Andrew Branca, attorney, author of The Law of Self Defense and contributor at Legal Insurrection has posted a great article about how Stand Your Ground does not apply in the “Popcorn Shooting” hearings. If you’re not familiar with this incident, it involves an altercation between two men in a theater that resulted in one of them being shot and killed. I haven’t been following the case and it’s not the case that made Branca’s article interesting. However, he does a great job outlining use of force and stand your ground and how it is applied to a legal defense. Give the article a read and check out some of his other posts. I’d also recommend visiting his site and signing up for his weekly newsletter.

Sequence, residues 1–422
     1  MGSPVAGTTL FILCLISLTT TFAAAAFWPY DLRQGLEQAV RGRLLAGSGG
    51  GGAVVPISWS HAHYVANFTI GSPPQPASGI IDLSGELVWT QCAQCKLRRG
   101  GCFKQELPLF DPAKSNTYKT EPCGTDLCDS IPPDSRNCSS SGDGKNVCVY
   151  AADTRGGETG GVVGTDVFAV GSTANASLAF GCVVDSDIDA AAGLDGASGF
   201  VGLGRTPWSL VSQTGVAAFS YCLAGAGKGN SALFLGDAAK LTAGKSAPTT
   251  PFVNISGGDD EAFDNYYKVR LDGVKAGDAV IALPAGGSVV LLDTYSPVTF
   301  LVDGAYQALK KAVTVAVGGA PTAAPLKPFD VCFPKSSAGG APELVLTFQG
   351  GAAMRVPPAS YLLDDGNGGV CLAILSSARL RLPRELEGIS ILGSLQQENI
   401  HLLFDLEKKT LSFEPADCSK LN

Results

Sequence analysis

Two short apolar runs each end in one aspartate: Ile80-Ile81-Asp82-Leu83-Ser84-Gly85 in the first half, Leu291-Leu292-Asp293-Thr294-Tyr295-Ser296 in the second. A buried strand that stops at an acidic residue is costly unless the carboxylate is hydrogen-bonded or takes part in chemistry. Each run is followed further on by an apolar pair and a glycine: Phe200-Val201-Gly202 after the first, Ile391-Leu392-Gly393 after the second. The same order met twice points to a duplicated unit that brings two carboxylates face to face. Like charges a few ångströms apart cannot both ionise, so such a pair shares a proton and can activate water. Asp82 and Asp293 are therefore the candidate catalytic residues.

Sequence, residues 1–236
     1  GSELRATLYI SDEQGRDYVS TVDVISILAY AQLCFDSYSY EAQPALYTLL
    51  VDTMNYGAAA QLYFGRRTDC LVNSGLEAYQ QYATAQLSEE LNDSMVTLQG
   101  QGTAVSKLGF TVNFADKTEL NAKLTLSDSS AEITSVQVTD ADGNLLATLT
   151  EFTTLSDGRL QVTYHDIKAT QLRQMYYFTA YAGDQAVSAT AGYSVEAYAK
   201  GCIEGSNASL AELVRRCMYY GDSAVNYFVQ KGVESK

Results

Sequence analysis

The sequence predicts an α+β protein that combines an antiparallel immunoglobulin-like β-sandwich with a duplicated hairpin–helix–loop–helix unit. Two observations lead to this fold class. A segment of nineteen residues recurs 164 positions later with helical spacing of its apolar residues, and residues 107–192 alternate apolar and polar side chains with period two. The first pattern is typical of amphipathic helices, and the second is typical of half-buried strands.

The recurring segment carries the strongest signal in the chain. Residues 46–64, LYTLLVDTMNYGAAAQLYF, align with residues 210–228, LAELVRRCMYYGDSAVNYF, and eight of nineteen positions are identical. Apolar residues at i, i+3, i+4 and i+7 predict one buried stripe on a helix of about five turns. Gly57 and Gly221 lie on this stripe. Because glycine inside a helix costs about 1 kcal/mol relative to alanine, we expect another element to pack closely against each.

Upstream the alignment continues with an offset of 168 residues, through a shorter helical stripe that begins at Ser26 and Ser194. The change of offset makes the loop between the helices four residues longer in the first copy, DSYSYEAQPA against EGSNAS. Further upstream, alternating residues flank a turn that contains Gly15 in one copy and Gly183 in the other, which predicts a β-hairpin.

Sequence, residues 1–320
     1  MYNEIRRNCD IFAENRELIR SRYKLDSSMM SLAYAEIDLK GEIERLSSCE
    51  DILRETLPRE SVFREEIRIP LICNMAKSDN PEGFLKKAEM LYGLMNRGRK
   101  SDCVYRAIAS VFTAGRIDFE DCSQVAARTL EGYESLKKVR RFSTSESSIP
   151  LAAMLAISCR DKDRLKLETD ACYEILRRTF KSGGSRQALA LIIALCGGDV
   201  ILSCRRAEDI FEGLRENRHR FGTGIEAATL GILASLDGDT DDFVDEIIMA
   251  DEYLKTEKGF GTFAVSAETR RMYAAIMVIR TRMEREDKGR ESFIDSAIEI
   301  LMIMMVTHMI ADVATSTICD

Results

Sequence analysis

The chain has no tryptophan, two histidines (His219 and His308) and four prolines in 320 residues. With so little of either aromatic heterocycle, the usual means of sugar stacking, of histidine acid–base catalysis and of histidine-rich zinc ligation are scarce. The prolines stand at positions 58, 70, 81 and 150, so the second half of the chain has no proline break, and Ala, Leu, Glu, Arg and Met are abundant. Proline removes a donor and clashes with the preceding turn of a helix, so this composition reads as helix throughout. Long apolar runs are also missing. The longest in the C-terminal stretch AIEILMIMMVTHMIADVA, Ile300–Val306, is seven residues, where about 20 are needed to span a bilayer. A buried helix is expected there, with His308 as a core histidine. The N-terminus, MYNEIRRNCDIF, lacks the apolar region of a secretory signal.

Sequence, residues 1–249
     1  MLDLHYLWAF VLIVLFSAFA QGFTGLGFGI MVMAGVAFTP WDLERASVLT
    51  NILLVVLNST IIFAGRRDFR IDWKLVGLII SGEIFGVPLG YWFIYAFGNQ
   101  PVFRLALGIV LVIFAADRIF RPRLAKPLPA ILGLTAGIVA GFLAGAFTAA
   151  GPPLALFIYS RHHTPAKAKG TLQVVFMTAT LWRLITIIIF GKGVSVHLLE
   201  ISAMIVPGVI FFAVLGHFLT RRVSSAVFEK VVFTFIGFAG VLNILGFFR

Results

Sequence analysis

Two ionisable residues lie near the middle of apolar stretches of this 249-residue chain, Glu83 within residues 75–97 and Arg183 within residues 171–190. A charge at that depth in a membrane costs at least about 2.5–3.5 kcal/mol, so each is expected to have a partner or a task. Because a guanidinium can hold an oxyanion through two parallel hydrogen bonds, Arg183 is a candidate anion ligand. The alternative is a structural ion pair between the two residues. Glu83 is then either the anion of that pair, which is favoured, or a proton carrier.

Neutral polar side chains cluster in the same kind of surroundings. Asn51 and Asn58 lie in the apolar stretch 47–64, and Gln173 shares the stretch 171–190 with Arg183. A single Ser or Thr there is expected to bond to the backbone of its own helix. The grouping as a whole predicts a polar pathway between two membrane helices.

I ran across this article on Guns.com pertaining a study of charges filed in self-defense shooting situations. While the article is a year old, I think it has some decent information and was worth sharing. Here’s a snippet from the article:
Of the 146 cases which we were able to determine whether charges had been filed, only about 10 percent – 15 cases – ended in legal ramifications. However, three of those 15 were miscellaneous charges, such as discharging a firearm within city limits or possession of a weapon, instead of charges pertaining directly to employing the weapon against another person. The remaining 131 cases did not or were not expected to result in any charges.
The rest of the article can be found here.
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